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Looking for Lisa
Joseph Lisowski
The Fiction Works, 204 pp. $13.99

March 18, 2003 — There's no peace or tranquility and little beauty in Joseph Lisowski's St. Thomas, but he does know "his" St. Thomas well: the traffic, the nighttime basketball court activity, landmarks and street names, Tim Duncan, taxi drivers' commentaries.
Anyone who lives on St. Thomas cannot fault the routes taken and places visited by his pugilistic-minded protagonist, private investigator Marc Wilson, who is "Looking for Lisa" in this mystery novel. From Red Hook to Fortuna, Wilson travels through Lisowski's St. Thomas. Unlike writers who coyly describe "an unnamed paradise island" with fictitious streets and locales, Lisowski delineates the real Danish street names, Emancipation Garden, Market Square, Tickle's restaurant and the university.
Author Lisowski should know. He lived on St. Thomas, working as a professor of English at the University of the Virgin Islands, for 10 years, until 1996.
Wilson is contacted by worried father Enrico Herera, whose daughter Lisa has been missing for "two days, one hour and twenty minutes." When Enrico first comes to Wilson's place to get help, he walks in on Wilson in the backyard subduing two masked men and their .357 Magnum and machete.
The action never slows from page 1 in this fast-moving murder mystery. At first Wilson thinks Lisa's just a routine runaway teenager, but soon he encounters drugs, revenge, political blackmail, dead bodies, and more than one person who seems to wish the P.I. unwell. The reader will keep attention and eyes on this story filled with action, plot and dialogue, and find the pace never lags.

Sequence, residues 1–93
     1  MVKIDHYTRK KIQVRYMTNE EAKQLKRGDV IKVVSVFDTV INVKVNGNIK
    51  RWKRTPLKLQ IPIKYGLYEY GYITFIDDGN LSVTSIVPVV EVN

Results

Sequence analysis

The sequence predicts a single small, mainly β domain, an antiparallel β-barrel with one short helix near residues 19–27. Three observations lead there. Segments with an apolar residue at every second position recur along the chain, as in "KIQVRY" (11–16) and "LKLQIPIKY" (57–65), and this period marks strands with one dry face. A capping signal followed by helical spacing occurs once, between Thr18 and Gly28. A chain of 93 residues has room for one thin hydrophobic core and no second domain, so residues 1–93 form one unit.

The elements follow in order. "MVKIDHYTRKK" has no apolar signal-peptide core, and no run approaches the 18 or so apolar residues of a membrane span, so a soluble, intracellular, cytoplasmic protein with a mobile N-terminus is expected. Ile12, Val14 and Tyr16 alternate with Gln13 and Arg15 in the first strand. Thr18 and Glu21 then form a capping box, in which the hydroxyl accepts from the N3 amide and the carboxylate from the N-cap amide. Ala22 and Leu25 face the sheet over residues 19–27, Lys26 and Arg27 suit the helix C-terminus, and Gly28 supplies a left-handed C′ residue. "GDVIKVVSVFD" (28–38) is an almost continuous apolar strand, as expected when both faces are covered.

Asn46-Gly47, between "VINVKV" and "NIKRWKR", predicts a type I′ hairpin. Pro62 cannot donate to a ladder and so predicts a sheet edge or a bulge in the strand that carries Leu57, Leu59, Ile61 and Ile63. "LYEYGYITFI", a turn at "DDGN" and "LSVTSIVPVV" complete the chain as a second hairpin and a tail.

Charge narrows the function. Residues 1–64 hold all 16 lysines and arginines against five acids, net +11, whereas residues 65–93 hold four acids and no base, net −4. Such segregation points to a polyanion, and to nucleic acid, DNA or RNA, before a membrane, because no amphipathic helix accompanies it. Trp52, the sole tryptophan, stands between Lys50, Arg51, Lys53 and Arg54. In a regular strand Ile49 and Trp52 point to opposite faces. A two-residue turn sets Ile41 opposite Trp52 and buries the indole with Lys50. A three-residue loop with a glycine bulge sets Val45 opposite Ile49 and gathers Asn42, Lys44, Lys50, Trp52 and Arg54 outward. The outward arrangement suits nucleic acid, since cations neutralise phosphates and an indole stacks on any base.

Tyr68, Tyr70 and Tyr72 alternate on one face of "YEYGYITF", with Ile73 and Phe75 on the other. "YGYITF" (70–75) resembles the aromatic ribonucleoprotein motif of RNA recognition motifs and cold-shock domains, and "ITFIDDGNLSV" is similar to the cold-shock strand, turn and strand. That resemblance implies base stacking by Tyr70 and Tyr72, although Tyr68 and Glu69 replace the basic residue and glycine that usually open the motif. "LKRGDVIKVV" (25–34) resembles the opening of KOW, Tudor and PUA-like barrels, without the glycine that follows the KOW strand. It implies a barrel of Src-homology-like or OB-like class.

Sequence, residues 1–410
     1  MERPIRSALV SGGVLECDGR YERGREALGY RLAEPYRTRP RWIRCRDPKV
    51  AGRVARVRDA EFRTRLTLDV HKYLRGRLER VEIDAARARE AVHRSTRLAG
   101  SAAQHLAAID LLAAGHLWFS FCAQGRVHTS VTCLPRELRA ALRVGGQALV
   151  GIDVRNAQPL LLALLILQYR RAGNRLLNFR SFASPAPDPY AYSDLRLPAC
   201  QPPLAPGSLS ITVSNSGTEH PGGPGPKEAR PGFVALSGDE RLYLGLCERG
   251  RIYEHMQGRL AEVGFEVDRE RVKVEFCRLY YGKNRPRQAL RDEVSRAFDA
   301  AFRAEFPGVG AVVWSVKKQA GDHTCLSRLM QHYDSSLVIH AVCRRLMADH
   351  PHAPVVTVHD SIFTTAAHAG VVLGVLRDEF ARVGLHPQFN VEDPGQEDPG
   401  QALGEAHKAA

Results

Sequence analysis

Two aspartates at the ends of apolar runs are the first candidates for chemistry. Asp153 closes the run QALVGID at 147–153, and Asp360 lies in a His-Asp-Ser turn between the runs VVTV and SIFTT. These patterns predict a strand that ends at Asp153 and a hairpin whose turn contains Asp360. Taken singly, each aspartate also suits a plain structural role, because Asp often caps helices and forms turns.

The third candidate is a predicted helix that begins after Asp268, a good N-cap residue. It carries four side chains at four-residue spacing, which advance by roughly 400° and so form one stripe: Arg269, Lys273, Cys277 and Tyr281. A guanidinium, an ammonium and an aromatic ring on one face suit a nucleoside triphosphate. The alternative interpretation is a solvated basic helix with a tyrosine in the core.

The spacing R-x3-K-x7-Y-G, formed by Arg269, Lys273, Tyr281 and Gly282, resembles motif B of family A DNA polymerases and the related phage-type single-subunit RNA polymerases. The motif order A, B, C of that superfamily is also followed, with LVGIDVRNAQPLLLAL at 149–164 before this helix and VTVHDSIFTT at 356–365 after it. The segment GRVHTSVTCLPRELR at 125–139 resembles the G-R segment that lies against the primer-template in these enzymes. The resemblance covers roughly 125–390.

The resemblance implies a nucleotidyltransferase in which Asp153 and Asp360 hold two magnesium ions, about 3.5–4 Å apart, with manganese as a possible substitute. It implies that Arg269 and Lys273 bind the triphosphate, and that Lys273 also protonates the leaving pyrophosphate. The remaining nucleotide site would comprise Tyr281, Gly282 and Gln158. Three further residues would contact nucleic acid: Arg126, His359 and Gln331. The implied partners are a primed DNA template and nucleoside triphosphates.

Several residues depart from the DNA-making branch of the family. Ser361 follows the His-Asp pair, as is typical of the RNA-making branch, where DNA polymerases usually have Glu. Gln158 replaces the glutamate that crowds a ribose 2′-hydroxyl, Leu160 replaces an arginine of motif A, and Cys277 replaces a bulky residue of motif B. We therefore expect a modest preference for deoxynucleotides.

The tranquility, the beauty, and the good weather are there; Wilson notices them, especially at chapter openings. But: "The verdant hills of St. John island lay five miles ahead. And beyond, the British Virgins," he notes — and turns his attention right back to the bar and the blonde.
"The Caribbean sea met shore at Brewer's Beach … under the star speckled, moonless night." So Wilson goes for a swim, trades words with boys on the beach when he worries about his hidden gun, gets dressed and goes downtown and picks a fight with some "weed" merchants, sowing seeds for information. He climbs on his trusty steed, his yellow 750cc ninja bike and goes off in search of more action.
The reader is kept in touch with Lisa, who's playing a sort of musical chairs around the area, trying to keep out of harm's way. But in the intervals when the story segues to her locale, the action is no less intense. Secretive girlfriends, dangerous boyfriends, a murder witnessed, all keep her on the run.
Technically, the paperback is well bound, nicely sized at 8" x 5", with well spaced, legible typeface and comfortably spaced lines. The only annoyance is a too narrow inner margin, forcing the reader into a constant fight to make that last word on the leftside-page lines readable.

"Looking for Lisa" is available online through www.fictionworks.com and www.booksurge.com.

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